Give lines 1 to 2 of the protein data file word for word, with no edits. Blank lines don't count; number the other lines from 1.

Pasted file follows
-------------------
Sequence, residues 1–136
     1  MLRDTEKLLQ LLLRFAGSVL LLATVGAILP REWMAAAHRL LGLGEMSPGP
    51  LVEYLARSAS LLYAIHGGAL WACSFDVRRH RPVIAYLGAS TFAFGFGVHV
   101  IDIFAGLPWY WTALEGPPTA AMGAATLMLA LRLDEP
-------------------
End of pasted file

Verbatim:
Sequence, residues 1–136
     1  MLRDTEKLLQ LLLRFAGSVL LLATVGAILP REWMAAAHRL LGLGEMSPGP